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Venkat Raman

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since Oct 13, 2012
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Recent posts by Venkat Raman

Corey. Thanks for posting. Subash's work on natural farming in the Indian context seems very impressive and easy to implement.
8 years ago
I am amazed that you need a permit to use the water that is right on your property. Its a bit shocking. Is there a good source on the internet that you might know of which gives info on California water rights?
8 years ago
Thanks for all the wonderful responses. Really appreciate it.

Alder, I am Nor Cal as well, in the SF bay area. How about you?
8 years ago
I am looking to purchase a permacuture property in California or Big Island and am trying to lay down the questions I should ask realtors before I decide to visit. After I look at the MLS listing, I typically check on the water situation, electricity, access to the property, whether the lot is hilly/sloped/rolling and zoning. What else should I be ascertaining/asking that can help me zero in on an appropriate property?
8 years ago

Edward Moore wrote:I think that homesteading is possible in most places. I have spent 44 of my 49 years in California. The state has incredibly diverse landscape/climatic zones. You can choose desert, mountains, beaches or anything in between. You can buy 40 acres or nice land with trees and good soil within 1 1/2 hours of Los Angeles for $50,000. This is my goal as I seek to extricate myself from the rat race in the next few years

Which county are you referring to? $50K for 40 tree-acres close to LA sounds almost impossible.
8 years ago
James, I am looking at some lots in Yolo county (winters, cottonwood etc.). I am still trying to figure out the right questions to ask before going for a visit.
8 years ago

Nick Williams wrote:I live in Paso Robles, and I'd probably suggest crossing the Central Coast off the list for homesteading. Land around here is fairly expensive, and the water situation is getting worse with every year. Really lovely weather though...

Nick, there seems to be some properties around San Miguel area including some lots close to the lake west of 101. Some of the lots have wells, but more expensive as a result. What about the soil quality?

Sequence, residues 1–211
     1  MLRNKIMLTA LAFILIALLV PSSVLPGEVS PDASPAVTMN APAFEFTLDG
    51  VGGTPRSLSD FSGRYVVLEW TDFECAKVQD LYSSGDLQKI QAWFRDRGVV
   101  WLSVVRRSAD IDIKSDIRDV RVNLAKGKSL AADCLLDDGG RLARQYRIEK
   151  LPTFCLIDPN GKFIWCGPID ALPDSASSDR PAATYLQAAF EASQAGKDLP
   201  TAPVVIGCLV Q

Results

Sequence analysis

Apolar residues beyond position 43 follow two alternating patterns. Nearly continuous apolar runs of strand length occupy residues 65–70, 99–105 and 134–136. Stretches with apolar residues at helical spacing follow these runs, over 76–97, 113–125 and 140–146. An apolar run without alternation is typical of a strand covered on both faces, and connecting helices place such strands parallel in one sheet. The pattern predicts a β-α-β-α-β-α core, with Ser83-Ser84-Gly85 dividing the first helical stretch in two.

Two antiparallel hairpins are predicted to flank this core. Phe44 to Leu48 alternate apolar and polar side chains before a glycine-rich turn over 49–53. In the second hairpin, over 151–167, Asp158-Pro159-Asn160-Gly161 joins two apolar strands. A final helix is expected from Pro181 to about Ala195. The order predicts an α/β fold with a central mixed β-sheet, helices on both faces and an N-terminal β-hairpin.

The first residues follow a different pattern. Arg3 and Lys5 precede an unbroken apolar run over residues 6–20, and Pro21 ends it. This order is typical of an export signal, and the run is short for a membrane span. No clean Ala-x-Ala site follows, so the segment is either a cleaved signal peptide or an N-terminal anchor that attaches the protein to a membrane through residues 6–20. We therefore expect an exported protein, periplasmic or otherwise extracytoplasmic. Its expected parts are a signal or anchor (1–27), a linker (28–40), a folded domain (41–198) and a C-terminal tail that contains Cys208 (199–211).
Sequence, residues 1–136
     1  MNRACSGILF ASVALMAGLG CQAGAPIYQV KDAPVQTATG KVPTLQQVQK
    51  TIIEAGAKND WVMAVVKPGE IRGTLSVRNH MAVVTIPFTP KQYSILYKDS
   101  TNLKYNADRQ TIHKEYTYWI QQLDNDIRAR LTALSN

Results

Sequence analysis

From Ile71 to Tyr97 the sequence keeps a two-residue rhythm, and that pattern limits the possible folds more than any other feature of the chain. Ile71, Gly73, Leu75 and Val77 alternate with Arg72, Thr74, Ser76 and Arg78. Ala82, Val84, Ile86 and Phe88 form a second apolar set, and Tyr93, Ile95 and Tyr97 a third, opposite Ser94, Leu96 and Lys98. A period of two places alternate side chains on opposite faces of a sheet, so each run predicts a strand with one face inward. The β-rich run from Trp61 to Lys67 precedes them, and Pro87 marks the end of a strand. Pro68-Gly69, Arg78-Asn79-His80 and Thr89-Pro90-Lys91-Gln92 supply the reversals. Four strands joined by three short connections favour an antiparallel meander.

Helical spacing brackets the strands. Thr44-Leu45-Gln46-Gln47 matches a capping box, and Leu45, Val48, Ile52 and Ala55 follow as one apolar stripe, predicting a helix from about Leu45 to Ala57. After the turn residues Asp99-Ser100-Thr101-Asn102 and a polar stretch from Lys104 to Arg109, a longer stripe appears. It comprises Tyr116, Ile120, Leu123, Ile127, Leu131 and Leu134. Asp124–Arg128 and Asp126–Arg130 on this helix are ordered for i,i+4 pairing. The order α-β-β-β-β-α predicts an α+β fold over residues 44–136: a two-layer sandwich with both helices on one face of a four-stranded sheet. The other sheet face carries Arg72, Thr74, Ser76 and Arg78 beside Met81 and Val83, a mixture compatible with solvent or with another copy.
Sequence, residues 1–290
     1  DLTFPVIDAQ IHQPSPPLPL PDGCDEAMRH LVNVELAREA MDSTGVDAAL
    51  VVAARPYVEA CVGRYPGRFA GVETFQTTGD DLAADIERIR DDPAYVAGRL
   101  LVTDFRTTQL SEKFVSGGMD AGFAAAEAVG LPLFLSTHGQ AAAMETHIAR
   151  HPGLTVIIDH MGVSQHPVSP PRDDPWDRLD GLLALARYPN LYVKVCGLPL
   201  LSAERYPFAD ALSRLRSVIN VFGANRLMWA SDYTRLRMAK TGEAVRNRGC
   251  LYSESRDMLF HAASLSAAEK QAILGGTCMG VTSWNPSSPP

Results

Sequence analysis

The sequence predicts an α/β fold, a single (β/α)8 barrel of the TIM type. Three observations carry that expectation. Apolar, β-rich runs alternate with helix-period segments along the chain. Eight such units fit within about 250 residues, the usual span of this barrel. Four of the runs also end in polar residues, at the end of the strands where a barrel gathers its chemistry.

8 years ago
I am looking to buy land and am considering the following locations. I am hoping to get advice so that I can zero in on a location and focus my search. I am a big fan of do-nothing farming and am looking to build and live on a self-sustaining ecosystem that may have strong elements of a forest.

Here are some of the criteria that have driven my search till now:

- Good weather (The more sunny and warm days in the year, the better)
- Relatively inexpensive land
- Spiritually-aware community and concentration of permies a plus.
- Proximity to my current location (SF bay area)
- Ease of growing food/trees and ease of raising Chickens, Goat/s and a Cow.

Here are some areas I am looking at:

Ojai, near santa barbara : I love this location for the spiritual vibe and good weather. Great community and many more sunny days compared to Northern California.

Areas in and around San Francisco Bay Area (Vacaville, Gilroy etc.) - I live in this area and a positive for me is that I can gradually make a transition to a lifestyle aligned with permaculture principles, without needing to move. The negative is that the winters are pretty cold [compared to a tropical climate ] and

Big Island, Hawaii: I love the lush green tropical vegetation here but am having a hard time finding properties. I really like the Kealakekua bay area where I visited a small permaculture oriented handmade-coffee farm. I am told land is cheap in Puna on the other side of the island but I know that the lava-risk zoning for many areas in and around Puna is very high. Suggests to me that land might be rocky and I may have to go there physically to figure out areas that might be suitable for farming.

California Central coast: The San Luis Obispo are appears to have lot of rolling land and decent weather (warmer than Nor Cal but colder than So Cal). There appears to be farming-type land available in Paso Robles, Atascadero and surrounding areas.

I love Costa Rica as well but not sure if I can make it work. The thing is that my wife works in a job she loves and I have family as well. So a transition to a homestead will be gradual and probably take a couple of years. A location closer to where I live now will definitely help.

I am feeling a little struck right now and would love to get any advice from you folks so that I can move forward. Thanks in advance for your help.

8 years ago